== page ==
Seniors and people with disabilities aren’t going hungry – yet. But the possibility is too close for the comfort of Debbie Perou, Rockingham County Nutrition and Meals on Wheels director.
Perou supervises Meals on Wheels and congregate meals at senior centers and other places for Chester, Sandown and Hampstead, as well as other nearby towns.
Last month, Perou joined U.S. Sen. Jeanne Shaheen, D-NH, for a ride-along to sites in the Salem area. Shaheen, staff and volunteers chatted with seniors about what the program – and Washington budget cuts – meant to them.
Shaheen noted concern about the effects of “sequestration” budget cuts on food service to local seniors, a concern Perou echoed.
Perou saw a loss of $81,000 in the last fiscal year due to budget cuts, and is bracing for a possible second round this January. The programs were level-funded from the state and federal governments for four years.
She relies on donations from private foundations, including the Alexander Eastman Foundation and United Way, and corporations such as Walmart to make up the difference.
“When it was level-funded, we were already stretching,” she said. “After the cut last year, we had to drop 17,000 meals.”
The program has three main components, Perou said. Healthy, more active seniors can come to one of the congregate meals at a public site. This is the best option, she said, because it’s good for them to get out and connect with others.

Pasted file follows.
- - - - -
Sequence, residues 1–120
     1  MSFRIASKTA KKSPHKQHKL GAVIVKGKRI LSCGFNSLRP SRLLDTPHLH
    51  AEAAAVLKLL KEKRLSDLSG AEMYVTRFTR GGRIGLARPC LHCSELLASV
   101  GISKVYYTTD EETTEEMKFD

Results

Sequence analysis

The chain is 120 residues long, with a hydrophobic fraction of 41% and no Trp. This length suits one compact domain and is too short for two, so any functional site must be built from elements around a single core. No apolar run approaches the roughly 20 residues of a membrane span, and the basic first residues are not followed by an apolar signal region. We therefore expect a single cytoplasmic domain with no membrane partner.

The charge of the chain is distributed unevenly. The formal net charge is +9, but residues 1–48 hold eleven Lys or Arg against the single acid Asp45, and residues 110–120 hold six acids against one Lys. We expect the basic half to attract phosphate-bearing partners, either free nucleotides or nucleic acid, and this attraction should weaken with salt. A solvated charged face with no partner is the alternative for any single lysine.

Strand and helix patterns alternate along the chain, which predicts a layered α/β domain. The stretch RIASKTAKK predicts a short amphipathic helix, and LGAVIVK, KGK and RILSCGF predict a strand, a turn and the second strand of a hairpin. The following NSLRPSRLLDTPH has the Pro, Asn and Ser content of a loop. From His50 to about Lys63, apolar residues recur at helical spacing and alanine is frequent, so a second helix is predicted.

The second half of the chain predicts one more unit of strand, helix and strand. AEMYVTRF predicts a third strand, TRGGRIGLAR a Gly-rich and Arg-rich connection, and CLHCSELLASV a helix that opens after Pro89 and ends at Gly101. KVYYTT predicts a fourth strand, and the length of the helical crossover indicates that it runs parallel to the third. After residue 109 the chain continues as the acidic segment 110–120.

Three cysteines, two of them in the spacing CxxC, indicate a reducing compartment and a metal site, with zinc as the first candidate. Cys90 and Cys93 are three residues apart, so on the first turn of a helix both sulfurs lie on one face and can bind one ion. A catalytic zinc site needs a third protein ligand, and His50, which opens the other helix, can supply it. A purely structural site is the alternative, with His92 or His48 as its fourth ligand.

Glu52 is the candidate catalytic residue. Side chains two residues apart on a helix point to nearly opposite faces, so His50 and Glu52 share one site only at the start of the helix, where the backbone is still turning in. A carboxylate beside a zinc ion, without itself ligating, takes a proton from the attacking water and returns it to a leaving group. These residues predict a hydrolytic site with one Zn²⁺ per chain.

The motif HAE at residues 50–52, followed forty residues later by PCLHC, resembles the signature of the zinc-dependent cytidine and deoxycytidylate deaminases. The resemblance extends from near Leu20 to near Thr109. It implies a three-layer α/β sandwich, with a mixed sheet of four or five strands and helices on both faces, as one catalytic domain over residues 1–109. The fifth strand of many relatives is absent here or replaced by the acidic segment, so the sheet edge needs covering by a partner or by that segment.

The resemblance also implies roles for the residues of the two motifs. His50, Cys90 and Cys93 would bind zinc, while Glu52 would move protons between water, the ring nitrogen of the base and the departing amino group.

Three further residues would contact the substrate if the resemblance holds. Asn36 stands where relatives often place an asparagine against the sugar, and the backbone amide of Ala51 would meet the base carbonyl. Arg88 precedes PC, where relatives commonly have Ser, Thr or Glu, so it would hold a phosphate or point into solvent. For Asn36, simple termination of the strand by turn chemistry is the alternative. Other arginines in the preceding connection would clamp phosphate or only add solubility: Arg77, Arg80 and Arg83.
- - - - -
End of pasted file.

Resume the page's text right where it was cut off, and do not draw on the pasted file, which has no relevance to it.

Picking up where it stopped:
Other seniors, some of them frail, receive the hot meal at noon at their homes. The basic delivery program is five days a week, she said, though there’s a customized option where clients who might otherwise not eat can receive extended service.
After the $81,000 disappeared from her budget, Perou trimmed back service to younger seniors and scrutinized the needs of those receiving weekend meals. She’s also had to be stricter about income “guidelines.”
But she’s not happy about it, noting that seniors living alone don’t tend to eat right. “Their medication might depress their appetite, they might not be able to get out and shop, they might be depressed,” she said. Any one of these needs could be solved with a ready-made meal delivered by a cheerful volunteer.
Perou has always had to subsidize her allotment with fund-raising, she said. The government gives her about 60 percent of the cost of each meal, even under the previous level-funding, she said.
Last year, Perou’s staff and volunteers served 36,000 meals in Derry. That breaks down to 4,500 congregate meals and the rest delivered to homes, with 291 clients.
Perou is taking it day by day and meal by meal. The most recent annual giving campaign went well, she said. She’s hoping to see the lost funding restored.
“I’d like to say to some of the politicians, ‘Let’s see you not eat for a day,’” she said.
Service in local towns is:
• Chester: Total meals, 758. Meals on Wheels, 758. Clients, five.
• Hampstead: Total meals, 9,475. Meals in dining halls, 2,188. Meals on Wheels, 7,281. Clients, 108.
• Sandown: Total meals, 2,640. Meals in dining halls, 408. Meals on Wheels, 2,232. Clients, 26.